Annals of Forensic Research and Analysis

New Approach in Forensic Analysis – Biomolecular Computing Based Analysis of Significant Forensic Biomarkers

Mini Review | Open Access | Volume 1 | Issue 1

  • 1. Department of Chemistry and Biomolecular Science, Clarkson University, USA
  • 2. Department of Chemistry, University at Albany, SUNY, USA
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Corresponding Authors
Jan Halámek, Department of Chemistry, University at Albany, USA

Novel biochemical assays based on biomolecular information processing realized in enzyme-biocatalytic systems were developed for forensic analysis of various biomarkers. On-site analyses of biomarkers for recognition of ethnic origin and gender of biological fluids were developed. Future perspectives for forensic analysis and scientific challenges are discussed in the paper.


•    Biomarkers
•    Enzymes
•    Logic gates
•    Biocomputing
•    Biocatalytic cascades


Katz E, Halámek J (2014) New Approach in Forensic Analysis – Biomolecular Computing Based Analysis of Significant Forensic Biomarkers. Ann Forensic Res Anal 1(1): 1002.


Biochemical assay of biological substances found on a crime scene is an important part of forensic investigation aiming at identification of crime victims and suspects. A biochemistry/ molecular biology-based subarea of forensic analysis, forensic serology, deals with the complex task of gathering information on type, age, origin or gender from biological fluids (blood, saliva, etc.) found on a crime scene [1-5]. Modern forensic serology [6-8] relies on two major methods: immunoassay [8] and DNA [9]/RNA [10] analysis. While simple primary steps in this investigation (e.g., identification of human blood vs. other colored spots) can be easily done in field conditions, more specific analytical steps require sophisticated laboratory equipment and highly qualified staff [6]. This introduces time-delay in the investigation procedure and increases the complexity of the investigation itself. Despite the modern trend of designing portable equipment for on-site forensic biochemical analysis [6,11], including microfluidic [12] and lab-on-a-chip [13] systems, there is an obvious lack of onsite detection/characterization technologies, analogous to pointof-care diagnostic approaches, which have become common in medical areas (e.g. diabetes management, pregnancy tests, etc.). A novel approach to the analysis of biological substances for simplifying recognition of biomarkers in forensic applications can be borrowed from recent advances in unconventional chemical computing [14], specifically, from recently pioneered biomolecular computing systems [15]. Such biocomputing systems based on proteins/enzymes [16,17], DNA [18], RNA [19], DNAzymes [20] and whole cells [21] can perform logic operations processing multiple biochemical input signals. Based on biomolecular systems various Boolean logic operations such as AND, OR, XOR, NOR, NAND, INHIB, XNOR, etc., were realized [15]. Sophisticated networks composed of several concatenated biomolecular logic gates performing complex logic operations were designed for unconventional computing applications [15]. Particularly rapid progress was recently achieved in the area of enzyme-based biocomputing systems allowing their assembling in the form of concatenated logic networks composed of many gates performing various Boolean logic operations and including non-Boolean elements, such as enzyme-based multiplexer and demultiplexer, amplifier, filter, etc., mimicking their electronic counterparts [16]. Although chemical information processing systems were originally considered exclusively for computational applications, [22,23] it has recently been realized that they have features suitable for analytical/bioanalytical use [24,25]. These systems can analyze several biochemical signals according to a “preprogrammed” algorithm and generate a binary “YES/ NO” answer without using a computer. Such chemical testing, analogous to a pregnancy test, might be convenient for certain end-user and point-of-care applications, being particularly useful for on-site forensic investigations. Networks with computational steps that involve only biochemical processes [15,16] are being investigated for new technological capabilities that include multi-input biosensors with new functionalities [24,25]. After developing biomedical applications (e.g., analysis of injurysignaling biomarkers) [26-28] and military/homeland security applications (e.g., analysis of explosives and chemical weapons) [29], the biocomputing approach was successfully implemented to forensic applications [30,31].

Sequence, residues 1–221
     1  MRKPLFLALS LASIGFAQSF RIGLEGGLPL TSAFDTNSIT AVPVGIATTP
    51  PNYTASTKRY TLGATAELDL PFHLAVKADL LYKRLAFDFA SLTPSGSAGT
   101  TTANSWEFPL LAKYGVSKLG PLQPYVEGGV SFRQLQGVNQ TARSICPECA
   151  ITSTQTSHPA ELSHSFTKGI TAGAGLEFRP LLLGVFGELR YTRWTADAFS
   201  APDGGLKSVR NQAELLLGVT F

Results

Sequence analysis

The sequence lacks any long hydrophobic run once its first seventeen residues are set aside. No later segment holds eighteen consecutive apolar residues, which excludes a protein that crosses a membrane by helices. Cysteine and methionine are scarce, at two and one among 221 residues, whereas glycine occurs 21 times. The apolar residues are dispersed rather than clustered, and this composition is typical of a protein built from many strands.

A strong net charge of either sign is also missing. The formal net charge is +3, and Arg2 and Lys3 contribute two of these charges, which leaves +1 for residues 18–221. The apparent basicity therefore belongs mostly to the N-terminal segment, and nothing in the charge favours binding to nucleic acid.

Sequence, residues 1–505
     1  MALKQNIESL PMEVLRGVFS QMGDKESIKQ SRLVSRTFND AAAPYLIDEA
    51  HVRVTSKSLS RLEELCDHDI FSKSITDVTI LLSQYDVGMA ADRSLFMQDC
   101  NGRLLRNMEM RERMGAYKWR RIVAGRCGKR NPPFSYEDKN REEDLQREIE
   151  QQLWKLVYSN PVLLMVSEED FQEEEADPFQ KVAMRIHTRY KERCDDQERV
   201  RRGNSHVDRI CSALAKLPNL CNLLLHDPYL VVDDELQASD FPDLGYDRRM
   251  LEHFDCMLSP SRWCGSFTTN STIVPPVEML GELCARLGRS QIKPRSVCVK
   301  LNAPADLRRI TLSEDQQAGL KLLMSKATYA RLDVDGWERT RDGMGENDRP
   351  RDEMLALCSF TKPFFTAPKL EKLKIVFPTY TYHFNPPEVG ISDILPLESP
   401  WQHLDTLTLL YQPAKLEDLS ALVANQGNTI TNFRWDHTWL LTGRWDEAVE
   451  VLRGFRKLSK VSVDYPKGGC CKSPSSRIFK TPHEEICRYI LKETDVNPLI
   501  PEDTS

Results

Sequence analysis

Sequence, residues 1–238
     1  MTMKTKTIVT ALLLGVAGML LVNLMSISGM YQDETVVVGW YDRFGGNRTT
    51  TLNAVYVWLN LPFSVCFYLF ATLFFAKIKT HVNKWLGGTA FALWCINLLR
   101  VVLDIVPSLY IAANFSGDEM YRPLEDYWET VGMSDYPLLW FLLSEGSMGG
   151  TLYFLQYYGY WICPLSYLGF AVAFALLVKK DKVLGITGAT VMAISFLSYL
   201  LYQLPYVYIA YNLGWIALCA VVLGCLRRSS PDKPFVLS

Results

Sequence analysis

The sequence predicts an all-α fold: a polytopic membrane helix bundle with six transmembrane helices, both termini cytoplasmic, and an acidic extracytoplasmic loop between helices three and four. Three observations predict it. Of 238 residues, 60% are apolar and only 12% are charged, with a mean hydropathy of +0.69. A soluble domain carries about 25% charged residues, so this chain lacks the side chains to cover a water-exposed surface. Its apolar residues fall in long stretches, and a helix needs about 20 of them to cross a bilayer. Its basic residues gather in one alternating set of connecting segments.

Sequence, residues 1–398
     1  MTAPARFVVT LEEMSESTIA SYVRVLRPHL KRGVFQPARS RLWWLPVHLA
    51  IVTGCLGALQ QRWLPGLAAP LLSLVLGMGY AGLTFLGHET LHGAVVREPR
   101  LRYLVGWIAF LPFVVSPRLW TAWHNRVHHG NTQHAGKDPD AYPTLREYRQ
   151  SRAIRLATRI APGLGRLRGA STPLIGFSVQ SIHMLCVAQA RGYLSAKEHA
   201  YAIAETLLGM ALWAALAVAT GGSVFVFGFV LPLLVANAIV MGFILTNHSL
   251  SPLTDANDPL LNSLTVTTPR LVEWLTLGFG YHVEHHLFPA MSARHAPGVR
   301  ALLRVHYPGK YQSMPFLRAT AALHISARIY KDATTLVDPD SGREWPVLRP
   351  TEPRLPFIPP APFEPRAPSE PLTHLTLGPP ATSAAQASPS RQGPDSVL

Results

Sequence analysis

The important feature of the novel analytical approach is the rapid qualitative analysis in the binary form “YES/NO” in response to the presence/absence of various combinations of biomarkers. Notably, instead of a quantitative analysis of a single highly specific biomarker, the present approach is based on the logic processing (e.g., in the format of Boolean AND logic gate) of several less specific biomarkers with all information processing steps performed by biochemical reactions, Figure 1A.